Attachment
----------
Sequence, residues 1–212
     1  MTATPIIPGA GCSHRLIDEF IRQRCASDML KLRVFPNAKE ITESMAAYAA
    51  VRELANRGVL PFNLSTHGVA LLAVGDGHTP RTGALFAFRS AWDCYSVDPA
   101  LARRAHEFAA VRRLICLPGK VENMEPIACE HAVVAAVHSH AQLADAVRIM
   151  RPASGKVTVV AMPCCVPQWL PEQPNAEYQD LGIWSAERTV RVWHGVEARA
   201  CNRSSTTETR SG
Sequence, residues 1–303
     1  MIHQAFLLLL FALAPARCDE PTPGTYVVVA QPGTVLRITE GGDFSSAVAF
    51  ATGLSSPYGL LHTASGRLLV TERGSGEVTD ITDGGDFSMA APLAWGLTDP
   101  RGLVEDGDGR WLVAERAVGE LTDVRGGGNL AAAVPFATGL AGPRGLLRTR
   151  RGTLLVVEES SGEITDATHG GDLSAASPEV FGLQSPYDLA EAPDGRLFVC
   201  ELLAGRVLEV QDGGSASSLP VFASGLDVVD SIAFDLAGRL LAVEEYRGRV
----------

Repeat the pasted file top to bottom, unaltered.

Sequence, residues 1–212
     1  MTATPIIPGA GCSHRLIDEF IRQRCASDML KLRVFPNAKE ITESMAAYAA
    51  VRELANRGVL PFNLSTHGVA LLAVGDGHTP RTGALFAFRS AWDCYSVDPA
   101  LARRAHEFAA VRRLICLPGK VENMEPIACE HAVVAAVHSH AQLADAVRIM
   151  RPASGKVTVV AMPCCVPQWL PEQPNAEYQD LGIWSAERTV RVWHGVEARA
   201  CNRSSTTETR SG
Sequence, residues 1–303
     1  MIHQAFLLLL FALAPARCDE PTPGTYVVVA QPGTVLRITE GGDFSSAVAF
    51  ATGLSSPYGL LHTASGRLLV TERGSGEVTD ITDGGDFSMA APLAWGLTDP
   101  RGLVEDGDGR WLVAERAVGE LTDVRGGGNL AAAVPFATGL AGPRGLLRTR
   151  RGTLLVVEES SGEITDATHG GDLSAASPEV FGLQSPYDLA EAPDGRLFVC
   201  ELLAGRVLEV QDGGSASSLP VFASGLDVVD SIAFDLAGRL LAVEEYRGRV